Measurement of quark's spin

Since quarks always form bound states, how do we know the spin of a single quark is $\frac{1}{2}$ experimentally?

• – Thomas Feb 10 at 3:31

That quarks have spin $\frac{1}{2}$ is inferred from the structure of the hadron families (octets of mesons and spin $\frac{1}{2}$ baryons, decouplets of spin $\frac{3}{2}$ baryons). If the quark spin were different the families of hadrons would be structured differently (here is a link that describes this in detail: eightfold way). BTW the quark color is inferred from the fact that three quarks can fit in the lowest bound state to form the lowest mass hadrons. So experimentally the individual quark color and spin cannot be measured, but theoretically these assignments are justified.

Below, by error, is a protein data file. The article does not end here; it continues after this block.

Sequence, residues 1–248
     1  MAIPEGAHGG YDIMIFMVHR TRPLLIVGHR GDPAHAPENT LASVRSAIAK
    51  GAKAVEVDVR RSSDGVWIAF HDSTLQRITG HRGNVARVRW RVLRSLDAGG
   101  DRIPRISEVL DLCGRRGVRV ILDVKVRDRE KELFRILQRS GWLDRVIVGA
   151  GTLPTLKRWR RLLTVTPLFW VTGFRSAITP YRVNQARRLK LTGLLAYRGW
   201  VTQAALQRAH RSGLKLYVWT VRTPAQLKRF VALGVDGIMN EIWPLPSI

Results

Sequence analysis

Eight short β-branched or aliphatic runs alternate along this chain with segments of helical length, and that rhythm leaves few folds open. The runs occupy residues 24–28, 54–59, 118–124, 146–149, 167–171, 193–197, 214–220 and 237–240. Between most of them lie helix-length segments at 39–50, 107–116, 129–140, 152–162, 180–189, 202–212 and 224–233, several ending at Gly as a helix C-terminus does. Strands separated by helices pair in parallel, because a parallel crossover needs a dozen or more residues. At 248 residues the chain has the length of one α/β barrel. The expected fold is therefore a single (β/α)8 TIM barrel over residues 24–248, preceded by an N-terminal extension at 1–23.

When the quark model was first proposed by Gell-Mann (1962) it was viewed as nothing more than a mathematical curiosity (even by Gell-Mann himself). Gell-Mann was interested in categorizing the recently discovered mesons and baryons into families. He sought to describe these hadrons as composite particles made up of more fundamental entities and inquired about the properties the fundamental entities must possess. He found that by assuming three quark flavors (up, down, strange) all with spin $\frac{1}{2}$, with fracional charges of $\frac{1}{3}$ and $\frac{2}{3}$ the known baryons could be described as bound states of these three quarks and the known mesons could all be described as quark-antiquark bound states. For the baryons of spin $\frac{3}{2}$ he noticed an entry in the decouplet with strangeness 3 and charge -1 that did not exist in the experimental data. When such a particle was discovered ($\Omega^-$) in 1964 the quark model began to transcend its original descriptive motivation; however, it was not until the early 1970s when high energy scattering of electrons off protons showed evidence of point-like constituents within the proton that the reality of quarks became fully accepted.